TL;DR; Homeplug devices can be a great way to network your house, but they may not all interoperate smoothly.
Like many people I live in a house that was built before networks were an essential part of family life. A common solution is WiFi, but that comes with its own drawbacks, not least the flakey nature of the connection with many household configurations.
Never mind. Clever engineers came up with HomePlug. The idea is that you send your network traffic down the mains cable that runs through your house. HomePlug devices simply plug into the wall and offer a standard RJ45 socket to plug your network cable into. You can plug as many HomePlug devices into your ring mains as you like, and the whole thing just behaves like a network. There’s the Homeplug Powerline Alliance that certifies compliance to the standard, and everything should just work.
The original standard, Homeplug 1.0, was released back in 2001. This was followed by Homeplug AV in 2005. These two standards were never meant to be compatible, and aren’t. However, all Homeplug 1.0 devices should interoperate, and all Homeplug AV devices should interoperate too.
I’ve been running 4 HomePlug AV devices in my house for the past 5 years. The ADSL router plugs into one, making internet connectivity possible throughout the house. The Squeezebox player uses another to access my music collection. There’s one in the office for the PC and another in my daughter’s room for important things like Facebook. No problems until the arrival of my son’s Xbox 360.
Rather than buying another simple HomePlug device I looked around and found a Netgear XAV 1004 4 port HomePlug switch. Great idea, but on plugging it in it failed to work in a fairly conclusive way.
I logged a ticket with Netgear’s customer support. Each response from them began “After reviewing the information you provided, I have a better understanding of your issue,” which was odd, because in the end (after several e-mails) they clearly hadn’t understood, and ended up by saying “we apologize for the inconvenience caused due to this product as it is not compatible with your setup.” Ho hum – send it back to Amazon for a refund.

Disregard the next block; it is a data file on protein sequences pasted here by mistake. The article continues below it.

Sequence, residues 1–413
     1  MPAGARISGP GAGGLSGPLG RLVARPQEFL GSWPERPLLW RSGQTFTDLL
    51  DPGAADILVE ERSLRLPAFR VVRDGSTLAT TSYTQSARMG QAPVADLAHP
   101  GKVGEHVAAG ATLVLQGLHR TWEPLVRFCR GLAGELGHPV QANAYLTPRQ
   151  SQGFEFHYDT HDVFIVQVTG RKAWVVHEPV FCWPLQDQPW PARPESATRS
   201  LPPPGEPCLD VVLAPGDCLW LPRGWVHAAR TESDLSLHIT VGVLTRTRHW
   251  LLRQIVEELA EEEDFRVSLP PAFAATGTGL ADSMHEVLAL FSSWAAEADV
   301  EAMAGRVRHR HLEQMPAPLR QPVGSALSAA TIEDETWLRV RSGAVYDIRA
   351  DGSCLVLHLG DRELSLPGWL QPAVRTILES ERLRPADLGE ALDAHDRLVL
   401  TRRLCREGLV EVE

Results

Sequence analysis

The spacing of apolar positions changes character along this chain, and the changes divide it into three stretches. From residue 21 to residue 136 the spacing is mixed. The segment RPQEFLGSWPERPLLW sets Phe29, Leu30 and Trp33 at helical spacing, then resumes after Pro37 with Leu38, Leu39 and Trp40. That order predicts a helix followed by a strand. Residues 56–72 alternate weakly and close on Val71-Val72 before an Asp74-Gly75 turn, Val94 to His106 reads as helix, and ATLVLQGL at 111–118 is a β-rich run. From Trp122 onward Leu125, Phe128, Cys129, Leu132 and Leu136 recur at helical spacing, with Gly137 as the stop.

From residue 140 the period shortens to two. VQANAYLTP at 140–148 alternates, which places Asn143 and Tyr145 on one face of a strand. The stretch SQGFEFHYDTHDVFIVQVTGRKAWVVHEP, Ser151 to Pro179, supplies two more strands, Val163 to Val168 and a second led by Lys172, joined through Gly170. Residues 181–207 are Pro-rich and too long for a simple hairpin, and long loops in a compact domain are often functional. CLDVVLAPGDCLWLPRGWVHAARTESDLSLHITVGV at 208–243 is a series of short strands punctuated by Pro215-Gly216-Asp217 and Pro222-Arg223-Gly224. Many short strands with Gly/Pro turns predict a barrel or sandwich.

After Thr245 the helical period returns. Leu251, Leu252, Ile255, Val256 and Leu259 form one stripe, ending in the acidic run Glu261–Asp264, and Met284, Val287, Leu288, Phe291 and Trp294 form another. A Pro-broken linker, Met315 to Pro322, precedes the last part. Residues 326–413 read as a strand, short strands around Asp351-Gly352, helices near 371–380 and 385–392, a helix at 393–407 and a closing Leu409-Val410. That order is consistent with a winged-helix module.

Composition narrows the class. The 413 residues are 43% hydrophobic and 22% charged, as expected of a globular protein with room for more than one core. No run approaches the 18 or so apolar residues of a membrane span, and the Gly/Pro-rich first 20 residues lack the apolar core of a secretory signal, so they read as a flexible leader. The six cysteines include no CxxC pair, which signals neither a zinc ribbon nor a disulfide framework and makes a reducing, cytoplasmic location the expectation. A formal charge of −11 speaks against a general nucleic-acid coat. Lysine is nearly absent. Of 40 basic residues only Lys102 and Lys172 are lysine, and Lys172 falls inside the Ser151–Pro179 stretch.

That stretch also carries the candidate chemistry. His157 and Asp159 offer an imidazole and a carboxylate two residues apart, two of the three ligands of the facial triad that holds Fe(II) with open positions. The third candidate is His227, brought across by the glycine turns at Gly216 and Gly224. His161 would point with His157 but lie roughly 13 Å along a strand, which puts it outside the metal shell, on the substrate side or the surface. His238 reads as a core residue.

I then took it up with the Powerline Alliance, the industry body who certify Homeplug devices. They did eventually respond to my enquiry, and (again after several e-mails) they ended up by saying:
“There are many reasons why a device may not operate on your network, such as the length/quality of the wire, or the presence of other non-PLC devices. Therefore, there is no way for us to ‘guarantee’ that a device will work on your network. However, HomePlug certified devices have been tested to interoperate. If you purchase a product, and still have issues, the best course of action is to contact the manufacturer or retailer.”
This may be quite true, but is of little use to the end user!
Meanwhile, some web searching turned up this very interesting web page. There’s a lot of information on this page, and it’s not particularly easy to consume, but the bottom line seems to be:
- All commercially available Homeplug devices are based on chips manufactured by Intellon
- There have been several major revisions of the chips and the firmware
- The tools for updating the firmware (and the firmware updates themselves) are not advertised to end users or known about by first line support staff
- The tools for updating the firmware are intended for specific firmware versions.
- It’s not clear which chipsets can be updated to which firmware versions. Do it wrong and you may end up with a brick.
My take away from this is that Homeplug is fine if you buy all the adapters you need from the same manufacturer at the same time. Expanding your network later may not go as smoothly as you’d like.